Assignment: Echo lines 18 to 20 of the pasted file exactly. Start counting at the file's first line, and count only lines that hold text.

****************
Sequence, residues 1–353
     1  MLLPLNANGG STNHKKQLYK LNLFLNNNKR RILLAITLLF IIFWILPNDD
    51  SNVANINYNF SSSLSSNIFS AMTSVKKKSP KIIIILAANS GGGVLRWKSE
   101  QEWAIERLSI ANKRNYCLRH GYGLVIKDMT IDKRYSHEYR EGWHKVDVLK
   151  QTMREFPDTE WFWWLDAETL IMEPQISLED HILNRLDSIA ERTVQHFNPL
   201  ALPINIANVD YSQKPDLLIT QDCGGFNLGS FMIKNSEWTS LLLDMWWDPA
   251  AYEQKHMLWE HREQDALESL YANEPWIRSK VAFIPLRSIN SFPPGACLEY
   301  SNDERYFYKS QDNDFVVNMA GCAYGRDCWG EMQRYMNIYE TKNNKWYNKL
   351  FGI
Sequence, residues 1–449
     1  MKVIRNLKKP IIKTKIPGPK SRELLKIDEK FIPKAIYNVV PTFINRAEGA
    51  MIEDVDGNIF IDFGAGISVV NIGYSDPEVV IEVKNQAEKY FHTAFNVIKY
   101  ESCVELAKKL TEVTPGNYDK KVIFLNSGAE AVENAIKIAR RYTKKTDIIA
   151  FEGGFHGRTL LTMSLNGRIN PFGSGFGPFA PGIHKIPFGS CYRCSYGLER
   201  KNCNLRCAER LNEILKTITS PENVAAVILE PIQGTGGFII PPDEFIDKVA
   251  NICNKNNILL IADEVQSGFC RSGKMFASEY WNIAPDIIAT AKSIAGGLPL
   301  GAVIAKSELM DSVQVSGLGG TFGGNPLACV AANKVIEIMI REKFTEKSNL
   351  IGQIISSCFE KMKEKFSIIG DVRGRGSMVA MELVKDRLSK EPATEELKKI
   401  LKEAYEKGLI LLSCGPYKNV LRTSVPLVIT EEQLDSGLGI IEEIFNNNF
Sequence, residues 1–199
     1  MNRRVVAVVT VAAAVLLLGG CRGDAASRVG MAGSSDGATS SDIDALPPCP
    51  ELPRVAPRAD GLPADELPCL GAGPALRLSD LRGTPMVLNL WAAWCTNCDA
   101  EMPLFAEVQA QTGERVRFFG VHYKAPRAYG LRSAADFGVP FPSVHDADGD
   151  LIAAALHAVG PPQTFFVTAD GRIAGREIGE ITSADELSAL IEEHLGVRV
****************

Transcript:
   351  IGQIISSCFE KMKEKFSIIG DVRGRGSMVA MELVKDRLSK EPATEELKKI
   401  LKEAYEKGLI LLSCGPYKNV LRTSVPLVIT EEQLDSGLGI IEEIFNNNF
Sequence, residues 1–199